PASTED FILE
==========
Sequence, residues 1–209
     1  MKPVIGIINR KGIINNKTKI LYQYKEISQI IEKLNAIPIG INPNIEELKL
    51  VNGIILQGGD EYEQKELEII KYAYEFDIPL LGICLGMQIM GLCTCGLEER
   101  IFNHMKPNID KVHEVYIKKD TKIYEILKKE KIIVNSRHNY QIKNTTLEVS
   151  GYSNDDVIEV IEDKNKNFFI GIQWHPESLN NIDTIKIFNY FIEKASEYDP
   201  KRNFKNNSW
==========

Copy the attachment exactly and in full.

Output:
Sequence, residues 1–209
     1  MKPVIGIINR KGIINNKTKI LYQYKEISQI IEKLNAIPIG INPNIEELKL
    51  VNGIILQGGD EYEQKELEII KYAYEFDIPL LGICLGMQIM GLCTCGLEER
   101  IFNHMKPNID KVHEVYIKKD TKIYEILKKE KIIVNSRHNY QIKNTTLEVS
   151  GYSNDDVIEV IEDKNKNFFI GIQWHPESLN NIDTIKIFNY FIEKASEYDP
   201  KRNFKNNSW